According to noted Ferrari expert Marcel Massini, the vehicle listed on the German used-car website is a replica. "I can tell you that with 100 percent certainty," Massini told CNBC. "I know where all of these cars are today. And this is not one of the original GTOs."
Of course "replica" is a relative term when it comes to 250 GTOs. Other authentic classic Ferraris are sometimes rebodied to look like a GTO, but while they're not real GTOs, they are real Ferraris. We reported on such an "Evocazione" example (pictured above) based on a '65 Ferrari 330 GT a few years ago, around the same time that Matt Farah came across one based on a 365 GTB/4 Daytona alongside a Ford GT as well.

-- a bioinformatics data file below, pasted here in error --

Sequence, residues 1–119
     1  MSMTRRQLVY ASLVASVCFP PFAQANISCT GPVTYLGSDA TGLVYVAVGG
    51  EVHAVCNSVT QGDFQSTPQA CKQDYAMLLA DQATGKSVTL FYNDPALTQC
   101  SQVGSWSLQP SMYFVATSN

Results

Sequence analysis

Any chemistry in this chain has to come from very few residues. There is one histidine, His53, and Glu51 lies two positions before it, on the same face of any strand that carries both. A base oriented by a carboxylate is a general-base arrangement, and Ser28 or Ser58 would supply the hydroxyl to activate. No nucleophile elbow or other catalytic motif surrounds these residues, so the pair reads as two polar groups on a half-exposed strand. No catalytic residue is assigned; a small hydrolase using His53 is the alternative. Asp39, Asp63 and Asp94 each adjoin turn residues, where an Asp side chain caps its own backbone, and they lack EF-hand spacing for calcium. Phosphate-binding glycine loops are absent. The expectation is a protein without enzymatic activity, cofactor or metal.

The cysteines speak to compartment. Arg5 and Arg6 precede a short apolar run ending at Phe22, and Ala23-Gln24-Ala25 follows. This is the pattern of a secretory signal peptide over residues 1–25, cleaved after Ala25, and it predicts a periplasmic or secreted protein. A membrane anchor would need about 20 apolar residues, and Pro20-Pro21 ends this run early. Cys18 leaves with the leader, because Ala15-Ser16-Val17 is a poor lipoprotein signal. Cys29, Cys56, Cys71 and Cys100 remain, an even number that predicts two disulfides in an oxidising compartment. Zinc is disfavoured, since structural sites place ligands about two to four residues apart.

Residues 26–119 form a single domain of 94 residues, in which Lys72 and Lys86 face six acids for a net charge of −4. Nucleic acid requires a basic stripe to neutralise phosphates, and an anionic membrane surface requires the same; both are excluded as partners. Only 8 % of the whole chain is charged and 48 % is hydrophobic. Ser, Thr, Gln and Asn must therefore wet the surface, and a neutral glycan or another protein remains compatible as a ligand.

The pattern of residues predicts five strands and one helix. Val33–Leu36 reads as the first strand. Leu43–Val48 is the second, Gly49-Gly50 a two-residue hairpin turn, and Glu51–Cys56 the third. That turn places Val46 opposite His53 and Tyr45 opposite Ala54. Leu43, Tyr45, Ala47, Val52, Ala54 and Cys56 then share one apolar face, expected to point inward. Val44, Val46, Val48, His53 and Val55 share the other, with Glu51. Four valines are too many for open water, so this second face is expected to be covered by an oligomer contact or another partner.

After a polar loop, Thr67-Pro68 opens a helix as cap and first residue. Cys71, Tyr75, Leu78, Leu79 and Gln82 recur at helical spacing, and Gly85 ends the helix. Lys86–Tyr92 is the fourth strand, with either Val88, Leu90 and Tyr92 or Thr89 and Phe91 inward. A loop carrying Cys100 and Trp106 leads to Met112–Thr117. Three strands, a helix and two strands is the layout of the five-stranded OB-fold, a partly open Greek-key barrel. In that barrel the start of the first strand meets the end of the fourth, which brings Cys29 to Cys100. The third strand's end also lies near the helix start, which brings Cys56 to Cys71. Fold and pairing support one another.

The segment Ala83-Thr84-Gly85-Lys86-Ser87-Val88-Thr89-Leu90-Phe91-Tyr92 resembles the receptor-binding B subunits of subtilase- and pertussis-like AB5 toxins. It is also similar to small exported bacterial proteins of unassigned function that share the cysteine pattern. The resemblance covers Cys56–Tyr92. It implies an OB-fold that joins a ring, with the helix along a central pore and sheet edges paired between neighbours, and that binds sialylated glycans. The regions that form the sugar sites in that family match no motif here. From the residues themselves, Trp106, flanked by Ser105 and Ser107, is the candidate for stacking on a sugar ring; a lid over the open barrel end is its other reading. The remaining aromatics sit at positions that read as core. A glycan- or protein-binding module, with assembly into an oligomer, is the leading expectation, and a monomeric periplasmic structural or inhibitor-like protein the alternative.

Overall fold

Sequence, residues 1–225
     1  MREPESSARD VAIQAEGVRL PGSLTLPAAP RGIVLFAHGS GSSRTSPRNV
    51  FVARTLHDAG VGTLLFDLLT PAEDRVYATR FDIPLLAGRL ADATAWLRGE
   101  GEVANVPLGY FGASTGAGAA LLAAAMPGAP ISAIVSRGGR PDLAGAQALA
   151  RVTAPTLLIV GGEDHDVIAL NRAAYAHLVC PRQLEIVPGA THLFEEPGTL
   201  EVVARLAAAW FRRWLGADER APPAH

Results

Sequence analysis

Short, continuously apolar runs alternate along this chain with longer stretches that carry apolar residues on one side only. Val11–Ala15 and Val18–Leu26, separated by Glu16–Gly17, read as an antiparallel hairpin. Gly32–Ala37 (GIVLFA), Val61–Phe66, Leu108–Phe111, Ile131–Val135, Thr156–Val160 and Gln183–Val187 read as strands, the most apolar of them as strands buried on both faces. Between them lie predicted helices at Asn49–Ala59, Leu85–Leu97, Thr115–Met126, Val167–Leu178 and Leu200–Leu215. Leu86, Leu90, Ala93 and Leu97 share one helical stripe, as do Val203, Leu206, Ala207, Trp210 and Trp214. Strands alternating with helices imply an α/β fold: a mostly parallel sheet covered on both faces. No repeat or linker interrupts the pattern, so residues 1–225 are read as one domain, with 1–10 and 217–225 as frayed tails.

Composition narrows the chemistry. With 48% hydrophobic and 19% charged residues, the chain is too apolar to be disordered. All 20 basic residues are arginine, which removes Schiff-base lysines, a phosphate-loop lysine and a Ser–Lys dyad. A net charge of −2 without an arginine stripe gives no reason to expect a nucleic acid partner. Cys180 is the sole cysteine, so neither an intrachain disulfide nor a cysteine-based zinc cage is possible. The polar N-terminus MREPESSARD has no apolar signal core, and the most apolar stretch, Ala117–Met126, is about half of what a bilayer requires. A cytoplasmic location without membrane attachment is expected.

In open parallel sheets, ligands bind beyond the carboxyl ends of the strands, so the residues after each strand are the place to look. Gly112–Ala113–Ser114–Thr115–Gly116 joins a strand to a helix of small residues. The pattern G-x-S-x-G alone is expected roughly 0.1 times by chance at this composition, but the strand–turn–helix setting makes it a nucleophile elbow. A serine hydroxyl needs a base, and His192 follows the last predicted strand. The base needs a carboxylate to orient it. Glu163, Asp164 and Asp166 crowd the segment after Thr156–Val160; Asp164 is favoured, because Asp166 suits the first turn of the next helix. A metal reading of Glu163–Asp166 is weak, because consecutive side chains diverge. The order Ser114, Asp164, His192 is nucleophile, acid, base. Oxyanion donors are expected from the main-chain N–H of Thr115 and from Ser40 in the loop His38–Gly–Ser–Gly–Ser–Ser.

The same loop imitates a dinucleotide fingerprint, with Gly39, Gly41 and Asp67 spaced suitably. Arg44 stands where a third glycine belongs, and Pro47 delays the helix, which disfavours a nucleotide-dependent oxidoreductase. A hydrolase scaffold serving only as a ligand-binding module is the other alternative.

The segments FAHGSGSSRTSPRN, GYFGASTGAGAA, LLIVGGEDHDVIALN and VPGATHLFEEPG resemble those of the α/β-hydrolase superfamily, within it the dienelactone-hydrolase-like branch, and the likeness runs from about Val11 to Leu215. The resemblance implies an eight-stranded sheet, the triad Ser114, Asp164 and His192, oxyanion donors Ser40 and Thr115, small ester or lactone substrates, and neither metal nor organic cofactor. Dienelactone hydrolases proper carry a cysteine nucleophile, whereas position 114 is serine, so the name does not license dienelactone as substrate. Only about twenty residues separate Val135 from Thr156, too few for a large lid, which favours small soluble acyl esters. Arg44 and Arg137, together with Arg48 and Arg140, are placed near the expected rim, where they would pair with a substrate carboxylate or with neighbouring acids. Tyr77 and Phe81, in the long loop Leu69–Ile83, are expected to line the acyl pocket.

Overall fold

Even if it is based on a real classic Prancing Horse, though, it still wouldn't be worth $64 million – not even the $54 million it's listed at before taxes, which would still be more than anyone has ever paid for a GTO. And for all we know, this one could be based on an MG like Ferris Bueller's joyride... we're trying to track down more information, and as soon as we know, so will you.